For an authentic castaway experience, look no further than Lady Musgrave Island. Situated 100 kilometres north-east of Bundaberg and 59 kilometres east of the Town of 1770, this uninhabited coral cay can be found along the outskirts of Australia’s famous Great Barrier Reef in the state of Queensland. Often referred to as the “Jewel in the Crown of the Great Barrier Reef,” Lady Musgrave Island is renowned for its sparkling, turquoise blue lagoon.
A hotspot for swimming, camping, walking, snorkelling, diving and fishing, the island’s crescent shaped 3000 acre lagoon is home to a variety of sea life, including some 350 species of hard and soft corals, as well as 1,300 species of fish. From wrasse and cod fish to reef sharks and manta rays, here there is plenty of marine life for explorers to dive into.
Fish however, are not the only species to be found in this bustling underwater metropolis. As divers pass through coral canyons and schools of vibrantly-coloured fish, it is not uncommon for them to cross paths with endangered green and loggerhead turtles, while whale sightings are also common between the months of June and November.
Inland, visitors will find a dense canopy of Pisonia trees teeming with roosting bird life, including shearwaters, terns and white-capped noddies. Here, explorers can take guided walks with professional marine biologists while campers can enjoy an evening under the stars at the Lady Musgrave campsite.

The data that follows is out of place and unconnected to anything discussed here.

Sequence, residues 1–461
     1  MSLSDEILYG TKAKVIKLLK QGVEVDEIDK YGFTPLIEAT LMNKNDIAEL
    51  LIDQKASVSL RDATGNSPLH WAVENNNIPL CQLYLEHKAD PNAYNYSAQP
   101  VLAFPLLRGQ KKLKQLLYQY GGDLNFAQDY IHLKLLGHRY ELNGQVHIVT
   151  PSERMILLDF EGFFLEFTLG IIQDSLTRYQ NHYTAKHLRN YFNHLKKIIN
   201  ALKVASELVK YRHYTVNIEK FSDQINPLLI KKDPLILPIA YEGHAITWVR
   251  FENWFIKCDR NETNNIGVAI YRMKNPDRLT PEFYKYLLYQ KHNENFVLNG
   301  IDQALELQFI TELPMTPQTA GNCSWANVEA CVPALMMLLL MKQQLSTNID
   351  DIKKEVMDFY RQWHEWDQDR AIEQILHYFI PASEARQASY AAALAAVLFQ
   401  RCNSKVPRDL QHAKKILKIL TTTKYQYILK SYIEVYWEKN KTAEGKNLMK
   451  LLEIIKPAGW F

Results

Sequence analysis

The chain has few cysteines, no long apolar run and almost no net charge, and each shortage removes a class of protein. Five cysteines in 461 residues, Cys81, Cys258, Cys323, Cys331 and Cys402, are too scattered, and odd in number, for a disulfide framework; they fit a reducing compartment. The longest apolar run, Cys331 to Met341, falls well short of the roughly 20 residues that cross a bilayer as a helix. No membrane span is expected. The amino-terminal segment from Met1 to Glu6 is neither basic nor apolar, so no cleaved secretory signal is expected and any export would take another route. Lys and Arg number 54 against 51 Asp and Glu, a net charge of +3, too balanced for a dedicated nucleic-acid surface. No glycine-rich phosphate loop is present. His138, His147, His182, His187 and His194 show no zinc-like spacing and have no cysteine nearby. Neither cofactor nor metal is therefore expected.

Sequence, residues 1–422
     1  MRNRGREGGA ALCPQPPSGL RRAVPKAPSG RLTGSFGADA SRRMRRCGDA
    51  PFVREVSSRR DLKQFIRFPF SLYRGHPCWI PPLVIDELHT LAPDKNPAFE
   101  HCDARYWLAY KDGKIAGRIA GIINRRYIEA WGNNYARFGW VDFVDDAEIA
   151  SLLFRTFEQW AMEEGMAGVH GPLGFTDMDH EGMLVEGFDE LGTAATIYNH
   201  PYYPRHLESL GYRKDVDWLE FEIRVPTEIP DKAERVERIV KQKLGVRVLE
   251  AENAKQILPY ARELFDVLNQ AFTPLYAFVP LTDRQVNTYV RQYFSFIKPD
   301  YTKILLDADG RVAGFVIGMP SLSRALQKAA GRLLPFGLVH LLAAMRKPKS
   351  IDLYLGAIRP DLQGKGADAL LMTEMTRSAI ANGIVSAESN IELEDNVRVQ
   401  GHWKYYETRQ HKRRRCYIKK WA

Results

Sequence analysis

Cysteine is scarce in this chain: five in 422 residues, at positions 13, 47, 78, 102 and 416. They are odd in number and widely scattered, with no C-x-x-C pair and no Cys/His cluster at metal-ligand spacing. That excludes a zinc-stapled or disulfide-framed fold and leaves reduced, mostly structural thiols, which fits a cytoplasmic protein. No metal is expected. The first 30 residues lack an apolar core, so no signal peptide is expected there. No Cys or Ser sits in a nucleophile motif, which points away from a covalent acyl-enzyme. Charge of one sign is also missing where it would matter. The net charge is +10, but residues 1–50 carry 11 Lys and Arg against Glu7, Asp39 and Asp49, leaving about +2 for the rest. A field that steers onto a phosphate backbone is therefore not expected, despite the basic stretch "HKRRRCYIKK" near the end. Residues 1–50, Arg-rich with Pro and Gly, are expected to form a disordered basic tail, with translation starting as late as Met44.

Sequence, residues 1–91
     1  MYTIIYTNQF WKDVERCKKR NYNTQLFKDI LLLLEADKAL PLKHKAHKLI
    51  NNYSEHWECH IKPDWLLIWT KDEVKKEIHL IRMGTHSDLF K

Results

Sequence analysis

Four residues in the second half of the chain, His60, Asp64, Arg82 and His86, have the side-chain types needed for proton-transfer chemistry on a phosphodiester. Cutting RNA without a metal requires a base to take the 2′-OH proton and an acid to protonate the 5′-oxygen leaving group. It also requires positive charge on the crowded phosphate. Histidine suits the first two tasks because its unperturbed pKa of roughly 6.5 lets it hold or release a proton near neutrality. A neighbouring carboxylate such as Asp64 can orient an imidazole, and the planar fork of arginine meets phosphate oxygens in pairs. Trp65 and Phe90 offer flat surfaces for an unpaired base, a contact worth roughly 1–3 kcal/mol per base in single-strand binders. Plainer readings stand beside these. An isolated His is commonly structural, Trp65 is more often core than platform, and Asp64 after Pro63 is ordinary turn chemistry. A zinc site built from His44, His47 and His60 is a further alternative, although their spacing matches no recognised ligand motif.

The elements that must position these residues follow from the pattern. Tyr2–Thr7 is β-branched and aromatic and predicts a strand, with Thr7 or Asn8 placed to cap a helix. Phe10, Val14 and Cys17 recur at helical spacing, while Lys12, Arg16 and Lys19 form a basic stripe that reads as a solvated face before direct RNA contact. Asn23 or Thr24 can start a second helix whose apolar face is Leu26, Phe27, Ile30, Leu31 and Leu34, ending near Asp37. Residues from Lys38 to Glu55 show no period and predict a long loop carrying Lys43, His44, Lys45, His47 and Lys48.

Those wishing to spend the night however, must apply for a permit with the Department of National Parks, as the island is both a National Park and World Heritage zone. Because numbers at the campsite are limited to 40 at any given time, it is recommended campers book well in advance. Campers are also advised to be self sufficient, bring their own water with them as well a gas stove (fires are not permitted on the island.) Reachable via private plane or sea, Lady Musgrave Island is a 90 minute cruise from the Town of 1770.
How to get there:
image credits: Tourism and Events QLD